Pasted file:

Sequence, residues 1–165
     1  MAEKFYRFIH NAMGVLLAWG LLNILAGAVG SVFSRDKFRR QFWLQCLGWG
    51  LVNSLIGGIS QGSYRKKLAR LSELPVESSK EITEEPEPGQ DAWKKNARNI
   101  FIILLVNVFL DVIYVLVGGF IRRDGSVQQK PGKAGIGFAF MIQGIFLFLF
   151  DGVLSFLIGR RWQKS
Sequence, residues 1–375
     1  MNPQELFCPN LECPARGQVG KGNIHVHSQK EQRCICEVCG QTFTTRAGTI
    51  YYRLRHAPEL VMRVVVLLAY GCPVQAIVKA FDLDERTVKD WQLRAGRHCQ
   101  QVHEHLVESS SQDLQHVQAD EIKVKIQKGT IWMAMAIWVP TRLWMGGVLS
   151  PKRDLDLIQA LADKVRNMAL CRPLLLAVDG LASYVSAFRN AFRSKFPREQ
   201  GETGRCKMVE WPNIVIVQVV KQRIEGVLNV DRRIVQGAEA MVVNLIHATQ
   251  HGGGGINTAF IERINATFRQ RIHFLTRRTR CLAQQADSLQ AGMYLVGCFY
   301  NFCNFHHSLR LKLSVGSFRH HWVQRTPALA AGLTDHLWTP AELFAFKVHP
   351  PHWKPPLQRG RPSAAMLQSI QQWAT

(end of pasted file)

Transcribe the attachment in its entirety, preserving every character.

Sequence, residues 1–165
     1  MAEKFYRFIH NAMGVLLAWG LLNILAGAVG SVFSRDKFRR QFWLQCLGWG
    51  LVNSLIGGIS QGSYRKKLAR LSELPVESSK EITEEPEPGQ DAWKKNARNI
   101  FIILLVNVFL DVIYVLVGGF IRRDGSVQQK PGKAGIGFAF MIQGIFLFLF
   151  DGVLSFLIGR RWQKS
Sequence, residues 1–375
     1  MNPQELFCPN LECPARGQVG KGNIHVHSQK EQRCICEVCG QTFTTRAGTI
    51  YYRLRHAPEL VMRVVVLLAY GCPVQAIVKA FDLDERTVKD WQLRAGRHCQ
   101  QVHEHLVESS SQDLQHVQAD EIKVKIQKGT IWMAMAIWVP TRLWMGGVLS
   151  PKRDLDLIQA LADKVRNMAL CRPLLLAVDG LASYVSAFRN AFRSKFPREQ
   201  GETGRCKMVE WPNIVIVQVV KQRIEGVLNV DRRIVQGAEA MVVNLIHATQ
   251  HGGGGINTAF IERINATFRQ RIHFLTRRTR CLAQQADSLQ AGMYLVGCFY
   301  NFCNFHHSLR LKLSVGSFRH HWVQRTPALA AGLTDHLWTP AELFAFKVHP
   351  PHWKPPLQRG RPSAAMLQSI QQWAT